Hillsong, Homosexuality and the Half-Gospel
Broadway actors Josh Canfield and Reed Kelly were key members of the New York campus of Hillsong Church, with Canfield serving as a choir director and Kelly hosting a “connect group” for Hillsong members. According to Christian Today, the pair made no bones about their homosexual relationship and plans to be married next year: “We have been open and forthright about our relationship from the get-go,” said Kelly.
The Hillsong brass signaled in response that it holds to a biblical position on homosexuality. Brian Houston, founding pastor of the Sydney-based megachurch, said, “It is my understanding that they have not been involved in an active leadership or ministry role since. That said, we still love them and acknowledge that they — like all of us — are on a journey, and our role as a church is to assist them on this journey with grace and compassion.”
The church wants “LGBT people to feel welcome — with limits,” reports Jonathan Merritt of Religion News Service. “They are welcome to attend, worship, even participate as members. They are eligible to serve in some roles, but not others. Josh and Reed, for example, can sing in the choir, but would not be eligible to direct it. Houston even called Hillsong ‘a gay-welcoming church’ in a statement on the ordeal.”
By allowing Kelly and Canfield to live as a gay couple for some time and continue to be members of the church, Hillsong has failed to offer them the true gospel. Here is the irony: churches that preach a half-gospel think that they are acting in hope. They think that lost people will benefit immeasurably from their quieter, tamer message. “Just choose Jesus,” goes the line, “and you can sort out the rest later.” In this formulation, commitment comes first; life-change happens later. Or not.
This sounds like Christianity, but it is not. It may seem loving for a church to affirm such behavior, but in reality, this affirmation — of whatever form — is profoundly unloving. We taste the love of God when by the grace of God we keep his commandments (John 14:15, 23). Any other kind of love conditioned by any other kind of practice is a counterfeit.
These comments do not target one sin or another. There is one condition, lostness, and one solution, Christ. Every sinner of every kind needs, more desperately than they know, the transformative love of God. Outside of the receipt of this love, we are all equally estranged and hopeless. The only way to overcome this terrible plight is to repent and trust Jesus (John 1:12-13).
Many modern churches, including many megachurches, have done away with “behavior modification.” They don’t want Christianity to merely make people better citizens. They want an “authentic, living relationship” with God for their people. But they have unwittingly created a new kind of behavior modification. We could call it situational redirection. They still preach about Jesus, but the blast radius of faith has shrunk. You say you’re a Christian, but you are not transformed. The blood-path that Abraham walked has been cleaned up and scrubbed down. Now you check a box for Jesus, attend some services, and live your broken, messy, un-overhauled life.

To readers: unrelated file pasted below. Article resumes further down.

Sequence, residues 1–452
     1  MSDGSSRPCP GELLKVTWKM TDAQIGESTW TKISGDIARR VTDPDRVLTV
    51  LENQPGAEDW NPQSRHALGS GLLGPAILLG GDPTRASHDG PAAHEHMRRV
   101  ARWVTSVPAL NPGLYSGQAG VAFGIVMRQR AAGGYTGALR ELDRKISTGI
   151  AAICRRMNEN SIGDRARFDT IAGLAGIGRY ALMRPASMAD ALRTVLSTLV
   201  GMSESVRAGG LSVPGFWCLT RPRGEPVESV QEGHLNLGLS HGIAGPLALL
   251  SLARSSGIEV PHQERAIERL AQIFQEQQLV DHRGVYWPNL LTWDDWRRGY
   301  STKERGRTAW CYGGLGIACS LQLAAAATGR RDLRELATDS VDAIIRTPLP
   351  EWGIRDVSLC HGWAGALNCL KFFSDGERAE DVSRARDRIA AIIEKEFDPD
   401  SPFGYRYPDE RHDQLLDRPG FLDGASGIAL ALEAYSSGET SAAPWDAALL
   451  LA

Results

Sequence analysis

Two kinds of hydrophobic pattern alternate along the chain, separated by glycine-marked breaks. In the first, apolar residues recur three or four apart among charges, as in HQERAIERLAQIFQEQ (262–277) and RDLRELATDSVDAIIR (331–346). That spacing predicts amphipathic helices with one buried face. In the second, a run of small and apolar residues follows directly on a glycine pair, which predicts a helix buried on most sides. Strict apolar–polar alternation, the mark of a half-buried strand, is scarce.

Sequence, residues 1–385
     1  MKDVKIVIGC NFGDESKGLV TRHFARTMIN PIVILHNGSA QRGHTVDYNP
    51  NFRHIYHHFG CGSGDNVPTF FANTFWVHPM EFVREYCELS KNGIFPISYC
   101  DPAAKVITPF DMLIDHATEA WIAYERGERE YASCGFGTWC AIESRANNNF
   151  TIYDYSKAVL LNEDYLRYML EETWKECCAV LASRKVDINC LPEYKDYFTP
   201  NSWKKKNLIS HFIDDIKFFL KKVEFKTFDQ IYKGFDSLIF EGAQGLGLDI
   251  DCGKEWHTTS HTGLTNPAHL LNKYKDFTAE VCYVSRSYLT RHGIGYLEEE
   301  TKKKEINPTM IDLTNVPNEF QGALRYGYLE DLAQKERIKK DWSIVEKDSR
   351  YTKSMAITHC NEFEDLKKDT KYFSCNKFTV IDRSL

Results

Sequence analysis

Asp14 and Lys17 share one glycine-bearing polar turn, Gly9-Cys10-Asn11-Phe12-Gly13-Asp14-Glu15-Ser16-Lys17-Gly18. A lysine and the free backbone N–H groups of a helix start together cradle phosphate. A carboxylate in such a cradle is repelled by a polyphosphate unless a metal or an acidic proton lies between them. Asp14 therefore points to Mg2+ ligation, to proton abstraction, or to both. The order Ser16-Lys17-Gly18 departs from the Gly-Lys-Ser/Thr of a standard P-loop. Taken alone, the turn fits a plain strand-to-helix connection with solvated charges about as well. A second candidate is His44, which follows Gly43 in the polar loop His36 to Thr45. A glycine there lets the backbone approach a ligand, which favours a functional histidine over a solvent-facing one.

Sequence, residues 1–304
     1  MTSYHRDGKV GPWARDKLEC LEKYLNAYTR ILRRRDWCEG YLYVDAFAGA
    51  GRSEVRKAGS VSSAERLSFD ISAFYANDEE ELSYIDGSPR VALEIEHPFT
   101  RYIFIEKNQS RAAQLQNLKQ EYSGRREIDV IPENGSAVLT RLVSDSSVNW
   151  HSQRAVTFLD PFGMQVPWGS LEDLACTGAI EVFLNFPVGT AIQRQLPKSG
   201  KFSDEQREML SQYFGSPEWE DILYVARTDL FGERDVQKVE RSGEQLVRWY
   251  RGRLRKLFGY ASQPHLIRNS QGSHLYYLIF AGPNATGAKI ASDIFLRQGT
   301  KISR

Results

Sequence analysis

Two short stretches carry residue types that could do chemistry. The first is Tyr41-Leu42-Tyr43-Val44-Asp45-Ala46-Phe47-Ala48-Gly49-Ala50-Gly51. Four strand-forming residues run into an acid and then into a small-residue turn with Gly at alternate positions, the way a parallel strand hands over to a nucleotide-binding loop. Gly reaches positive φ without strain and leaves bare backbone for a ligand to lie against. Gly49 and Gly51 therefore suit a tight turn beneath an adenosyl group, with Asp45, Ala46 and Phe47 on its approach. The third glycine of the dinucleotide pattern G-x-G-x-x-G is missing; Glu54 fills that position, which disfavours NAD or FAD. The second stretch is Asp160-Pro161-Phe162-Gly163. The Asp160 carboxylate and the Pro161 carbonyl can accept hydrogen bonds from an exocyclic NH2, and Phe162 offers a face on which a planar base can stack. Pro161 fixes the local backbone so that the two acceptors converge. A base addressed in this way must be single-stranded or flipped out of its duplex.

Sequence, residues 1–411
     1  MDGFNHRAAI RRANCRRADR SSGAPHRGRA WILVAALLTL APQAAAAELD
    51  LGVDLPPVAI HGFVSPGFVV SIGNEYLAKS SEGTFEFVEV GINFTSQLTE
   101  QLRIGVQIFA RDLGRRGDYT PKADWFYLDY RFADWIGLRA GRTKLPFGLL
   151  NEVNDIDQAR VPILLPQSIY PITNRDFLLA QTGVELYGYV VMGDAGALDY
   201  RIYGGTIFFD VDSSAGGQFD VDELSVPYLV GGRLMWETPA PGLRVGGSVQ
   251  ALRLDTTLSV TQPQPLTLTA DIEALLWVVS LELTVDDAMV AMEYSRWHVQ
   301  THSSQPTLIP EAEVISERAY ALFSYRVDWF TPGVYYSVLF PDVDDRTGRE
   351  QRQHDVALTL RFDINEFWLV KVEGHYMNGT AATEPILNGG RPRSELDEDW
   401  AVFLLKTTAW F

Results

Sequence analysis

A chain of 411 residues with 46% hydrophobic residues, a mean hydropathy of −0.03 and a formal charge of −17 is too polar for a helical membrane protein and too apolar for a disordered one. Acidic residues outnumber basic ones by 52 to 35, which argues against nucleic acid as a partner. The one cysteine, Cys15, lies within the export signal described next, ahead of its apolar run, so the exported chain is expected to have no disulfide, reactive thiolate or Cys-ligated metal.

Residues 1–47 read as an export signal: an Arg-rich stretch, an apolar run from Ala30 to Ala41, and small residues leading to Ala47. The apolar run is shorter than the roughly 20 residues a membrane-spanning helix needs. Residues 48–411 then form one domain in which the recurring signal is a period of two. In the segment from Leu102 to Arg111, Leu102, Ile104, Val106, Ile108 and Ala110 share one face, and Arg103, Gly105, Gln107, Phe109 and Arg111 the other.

Some might say, “Why are you being so hard on Hillsong? They’re in New York — do you have any clue how hard it is to reach people in that city? You have to bring them along a step at a time.” It is quite true that, following conversion, every one of us must die to sin over the whole course of our lives. Until we die, Christ walks with us, continually forgiving us as we, despite every motivation and incentive to the contrary, sin against him.
But there is no special spiritual program for megacities. There is no unique gospel for the theater community, or the athletic world, or the political superclass. There is not one message for food critics and another for plumbers. There is one Lord and one baptism. To argue otherwise is to miss the significance of Paul’s message to the Corinthians. Corinth was an enhanced New York, a city shot through with iniquity. It celebrated sexual license and encouraged people to find their identity in their depravity.
Paul would have none of it. “Such were some of you,” he reminds his struggling friends. “But you were washed, you were sanctified, you were justified in the name of the Lord Jesus Christ and by the Spirit of our God” (1 Cor. 6:9-11). If ever there was a climate for “spiritual gradualism,” Corinth was it. Paul shows us that there is no mushy middle of spiritual half-transformation.
The message of Christ has not changed. He doesn’t offer us the half-gospel of commitment first, transformation later (maybe). There is just one thing that is necessary: for us to preach Christ, proclaiming the whole gospel, and then to watch as God overcomes the sins that we swear we cannot lose. This work only God can do. And he will.
Owen Strachan tells the story of Chuck Colson’s conversion in his new book The Colson Way: Loving Your Neighbor and Living with Faith in a Hostile World (Thomas Nelson, 2015).